It has taken years of work by the Morgan County School Board and its Growth Committee, but the future of Morgan’s schools seems to be mapped out. At their March 8 board meeting, the school board approved priorities including gearing up for a bond election to be placed on the November 2017 ballot; building a new middle school with grades 5 to 8 on 12 acres on Trapper’s Loop in Mountain Green by 2021; and adding a new two-story classroom wing to Morgan High School while demolishing the older wing in 2022.
In an effort to inform voters exactly where their money would go if the bond election passes next year, the school board is soliciting architects for renderings of both a new middle school and high school classroom wing. The district hopes to have completed renderings, which could cost the district $50,000, by September.
“We can’t make the case without having our homework done,” Board Member Mark Farmer said.
But, District Business Administrator D’Lynn Poll noted, renderings are not full detailed plans, which would cost much more, to the tune of 3 to 4 percent of the entire cost of the projects. Poll estimated that a new middle school could cost up to $20 million while the high school addition may climb to $9 million. As such, detailed architectural plans could cost the district more than $1 million.
The cheaper renderings could point to a price point the district will seek on the ballot in 2017 not to exceed $38 million, Poll said. It could also help the district decide on the amount of capital lease they may seek as another funding option if the bond doesn’t pass.
“If a bond fails, an option would be to use a capital lease to fund these projects,” Board Member Ron Blunck said. “It is not something we said we are going to do. It is an option.”
Board members said they would support a “basic” middle school design “with no skylights and big timber.”
“It should be cost effective,” Farmer said, “not the Taj Mahal.”
Board members are worried that enrollment is going to outpace the district’s construction plans. Many are watching the 48 new apartment units being constructed near the high school, and noting plans for another 200 units on the other side of the freeway. Using the average growth rate from the last eight years, reducing it a bit, the district could have 4,600 students by 2027 compared to today’s 2,800, Board President Ken Durrant said.
“As we look at what our needs are going to be in the future, we will need three elementaries the size we have now by 2027,” Durrant said. There are currently 632 students at Mountain Green Elementary and 746 at Morgan Elementary School. Another 1,051 students are enrolled at the middle school.
Poll said that the current middle school with grades 6-8 is split almost exactly evenly when considering where students live: Mountain Green vs. the rest of the county. Therefore, building a new middle school in Mountain Green would reduce Morgan Middle School’s enrollment by half. Taking fifth graders from both Mountain Green and Morgan Elementary schools and moving them into one of two middle schools would reduce the strain on both elementaries.
While the district would like to consider building a new high school to replace the current one constructed more than 50 years ago, it doesn’t have the bonding capacity to build a new $60 million high school.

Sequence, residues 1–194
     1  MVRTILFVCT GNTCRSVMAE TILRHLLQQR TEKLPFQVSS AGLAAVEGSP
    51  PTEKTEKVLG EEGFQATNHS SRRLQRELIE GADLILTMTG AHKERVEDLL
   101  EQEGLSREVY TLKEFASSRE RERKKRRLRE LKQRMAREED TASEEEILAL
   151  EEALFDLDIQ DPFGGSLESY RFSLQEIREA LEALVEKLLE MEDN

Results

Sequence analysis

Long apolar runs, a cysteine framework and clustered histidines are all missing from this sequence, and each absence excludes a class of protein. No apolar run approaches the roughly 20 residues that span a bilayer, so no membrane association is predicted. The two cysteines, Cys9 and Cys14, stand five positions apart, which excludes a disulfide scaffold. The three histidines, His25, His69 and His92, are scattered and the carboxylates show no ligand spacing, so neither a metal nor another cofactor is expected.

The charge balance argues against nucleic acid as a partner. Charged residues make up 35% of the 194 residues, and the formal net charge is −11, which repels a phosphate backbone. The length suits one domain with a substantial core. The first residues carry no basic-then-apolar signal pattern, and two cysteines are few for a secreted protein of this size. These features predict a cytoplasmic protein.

“We all agree we have to do something at the high school,” Farmer said. The deteriorating A and B halls are not up to fire code and would need new sprinklers, heating, plumbing and ramped outdoor entrances.
“A $4 million remodel would mean it was a new building by the time it was done,” Board Member Ted Taylor said.
In the meantime, the district is playing musical chairs with its portable classrooms, paying $7,000 each to move several portables from Morgan City to Mountain Green Elementary. It will take highway patrol escorts and a tricky route avoiding overhead freeway bridges during a weekend, Poll reported. Others will be moved for $4,500 each from Morgan Elementary to Morgan Middle School.
“Portables are going to be there this fall because our bond failed,” Durrant claimed.
“We are going to run out of space to put portables,” Blunck said.
Musical portables is not only a sign of overcrowding, but also of political positioning. With several school board member seats on November’s ballot, Durrant said it could be tempting for several current board members to “walk away” and let other elected officials grapple with the problem.
“But if you do, you are doomed,” Durrant said. “We need to face the music this year.”
Durrant said that the district hasn’t fared well the last five times it attempted to pass a bond.
“You have a specific group of people that will fight you this year or next,” Durrant alledged.
Even if the district does complete a new middle school and high school addition, that would only defer the need to construct a new elementary school for another three to four years, Durrant said.
“We are going to look for land regardless,” Farmer said.
“We need to get an elementary in a more central location” such as Milton, Blunck said. “One in the middle makes sense.”
Superintendent Doug Jacobs said the board should not lose sight of the fact that the high school kitchen “is in crisis.”
Jennie Earl, candidate for a school board seat on the November ballot, said the district should consider building a science building, or “one building that could accommodate one specialty,” to be used by the different schools.
“We have a lot of balls in the air,” Durrant said. “No matter what you do, you are going to buzz somebody.”